(2.5 / 5)
The truth is a funny thing. While facts may be unyielding — a child’s body submerged in a suitcase with a teddy bear; a flood of brackish water — our relationship to them is often more elastic.
Case in point: reporter Michael Finkel (Jonah Hill), dismissed from his job at the New York Times for fabrication, and Christian Longo (James Franco), a man accused of murdering his wife and children. The former is sequestered at his log cabin house in Bozeman, Montana, with his wife Jill (Felicity Jones). The latter is arrested in Mexico while using Finkel’s name, bringing him to the disgraced journalist’s attention.
True Story — the film debut of British theater director Rupert Goold — revolves around their meetings in prison, an inherently theatrical conceit. Finkel gets to hear Longo’s story and Longo gets writing lessons; a quid pro quo that Truman Capote would be proud of. Finkel views Longo as a twisted reflection of himself, as a man who’s made mistakes; even their penmanship is the same!
There’s the vague sense both Finkel and Longo are seeking atonement — the first time we see Longo he’s in church — but Finkel also flatters himself that he’s using Longo: after all, he needs a comeback, “half true crime, half mea culpa”. As you might expect things are not quite as they seem.
Hill is warily self-reflective as Finkel, who comes across as a bit of a putz — pasty, bespectacled, and unblinking, he thinks he’s being nominated for a Pulitzer as he’s going to get fired. Franco, meanwhile, is wistful, dour, and seemingly half asleep, but not uncharismatic for it.
Their second film together after apocalyptic comedy This Is The End, and only Hill’s third dramatic role, neither is particularly well-served by David Kajganich’s script, which reduces both men to their parallels; Longo, the accused, and Finkel, the unemployable.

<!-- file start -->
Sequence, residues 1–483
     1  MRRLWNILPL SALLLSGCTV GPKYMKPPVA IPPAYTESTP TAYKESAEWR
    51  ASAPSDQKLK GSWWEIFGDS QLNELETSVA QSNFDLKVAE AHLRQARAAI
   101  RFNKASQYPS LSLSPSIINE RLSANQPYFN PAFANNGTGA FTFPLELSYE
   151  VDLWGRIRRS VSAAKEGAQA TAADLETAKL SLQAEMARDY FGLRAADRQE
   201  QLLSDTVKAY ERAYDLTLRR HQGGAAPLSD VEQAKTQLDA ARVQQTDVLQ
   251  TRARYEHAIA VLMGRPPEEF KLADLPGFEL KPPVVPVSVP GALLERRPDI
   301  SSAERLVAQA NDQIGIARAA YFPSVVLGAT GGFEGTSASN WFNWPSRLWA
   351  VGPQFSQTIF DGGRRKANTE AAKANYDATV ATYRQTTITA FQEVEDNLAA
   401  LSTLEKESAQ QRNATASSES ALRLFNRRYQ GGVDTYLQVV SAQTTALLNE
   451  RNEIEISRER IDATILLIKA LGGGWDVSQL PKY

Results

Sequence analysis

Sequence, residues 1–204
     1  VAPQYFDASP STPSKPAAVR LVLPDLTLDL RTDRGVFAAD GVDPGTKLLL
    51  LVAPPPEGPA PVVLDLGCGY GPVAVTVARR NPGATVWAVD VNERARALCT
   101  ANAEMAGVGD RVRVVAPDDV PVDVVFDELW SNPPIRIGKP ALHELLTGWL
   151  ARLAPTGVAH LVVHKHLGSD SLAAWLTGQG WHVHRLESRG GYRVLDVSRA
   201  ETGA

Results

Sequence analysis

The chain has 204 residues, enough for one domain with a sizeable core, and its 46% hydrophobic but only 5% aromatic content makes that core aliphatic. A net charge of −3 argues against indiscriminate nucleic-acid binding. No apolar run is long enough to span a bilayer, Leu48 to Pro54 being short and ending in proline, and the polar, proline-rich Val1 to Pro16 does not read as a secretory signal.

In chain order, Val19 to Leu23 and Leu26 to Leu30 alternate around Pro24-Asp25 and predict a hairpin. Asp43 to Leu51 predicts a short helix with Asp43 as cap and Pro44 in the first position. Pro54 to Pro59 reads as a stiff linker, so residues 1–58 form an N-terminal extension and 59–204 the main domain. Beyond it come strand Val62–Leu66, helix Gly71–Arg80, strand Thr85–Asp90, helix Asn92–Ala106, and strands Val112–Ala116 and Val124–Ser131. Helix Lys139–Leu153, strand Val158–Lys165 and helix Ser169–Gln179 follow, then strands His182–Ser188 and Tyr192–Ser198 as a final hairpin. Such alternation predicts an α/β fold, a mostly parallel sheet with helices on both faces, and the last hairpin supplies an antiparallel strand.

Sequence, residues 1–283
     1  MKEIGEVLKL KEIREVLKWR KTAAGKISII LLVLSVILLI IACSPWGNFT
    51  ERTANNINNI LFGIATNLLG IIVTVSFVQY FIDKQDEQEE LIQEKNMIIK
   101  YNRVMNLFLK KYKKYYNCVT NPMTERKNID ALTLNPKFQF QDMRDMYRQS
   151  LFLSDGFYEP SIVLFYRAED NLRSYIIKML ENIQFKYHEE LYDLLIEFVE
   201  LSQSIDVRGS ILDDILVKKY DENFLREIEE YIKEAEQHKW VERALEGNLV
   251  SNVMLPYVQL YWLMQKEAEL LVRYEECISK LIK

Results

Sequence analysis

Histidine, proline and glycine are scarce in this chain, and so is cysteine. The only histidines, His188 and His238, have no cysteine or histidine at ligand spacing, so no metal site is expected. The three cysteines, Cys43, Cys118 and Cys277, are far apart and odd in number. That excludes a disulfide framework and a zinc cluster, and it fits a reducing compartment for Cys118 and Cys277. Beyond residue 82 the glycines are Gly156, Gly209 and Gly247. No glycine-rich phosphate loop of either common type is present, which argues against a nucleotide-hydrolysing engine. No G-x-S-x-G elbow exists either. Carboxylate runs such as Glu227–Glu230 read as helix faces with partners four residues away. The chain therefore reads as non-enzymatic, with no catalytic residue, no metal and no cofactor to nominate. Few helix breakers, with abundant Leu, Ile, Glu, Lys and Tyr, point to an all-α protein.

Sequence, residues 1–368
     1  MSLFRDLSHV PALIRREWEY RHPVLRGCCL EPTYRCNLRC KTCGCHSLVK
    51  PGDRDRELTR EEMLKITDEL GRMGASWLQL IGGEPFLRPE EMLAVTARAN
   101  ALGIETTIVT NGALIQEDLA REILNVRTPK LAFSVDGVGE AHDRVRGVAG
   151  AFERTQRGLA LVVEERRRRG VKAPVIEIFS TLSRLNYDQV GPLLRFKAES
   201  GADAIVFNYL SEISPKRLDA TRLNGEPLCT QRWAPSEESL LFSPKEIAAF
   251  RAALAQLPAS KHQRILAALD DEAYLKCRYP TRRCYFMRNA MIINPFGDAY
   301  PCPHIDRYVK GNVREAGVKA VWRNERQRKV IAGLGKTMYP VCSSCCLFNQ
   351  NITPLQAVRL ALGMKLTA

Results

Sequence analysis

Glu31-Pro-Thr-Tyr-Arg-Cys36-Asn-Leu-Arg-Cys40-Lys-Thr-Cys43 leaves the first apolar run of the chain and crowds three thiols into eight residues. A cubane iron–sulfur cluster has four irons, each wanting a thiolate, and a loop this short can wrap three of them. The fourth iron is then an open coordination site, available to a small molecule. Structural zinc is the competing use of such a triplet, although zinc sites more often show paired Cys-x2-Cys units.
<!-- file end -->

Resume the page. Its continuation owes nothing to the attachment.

Goold’s direction feels like a more lightweight Bennett Miller — a shot of a country road disappearing into mist and snow immediately brings to mind Foxcatcher — but his meditative slow pans and tracks lack the same power. The whole film seems to be picked out in white and orange, from Finkel’s rusted letterbox to Longo’s jumpsuit, but the color doesn’t punctuate as it should.
Marco Beltrami’s ghostly score underscores appropriately and Masanobu Takayanagi’s cinematography is clear and bright, but it’s strange that, given the the book it’s based on, True Story tries to leave too much unspoken
Though faintly enthralling in its negotiation with the truth, the film never rises above the level of a competent TV drama. Only Jones’ reluctant Jill possesses real moral clarity. Given a passionate monologue, she questions whether Longo’s story deserves to be told in any form. It’s a good point and one that would seem to refute the whole standing for which the film’s existence.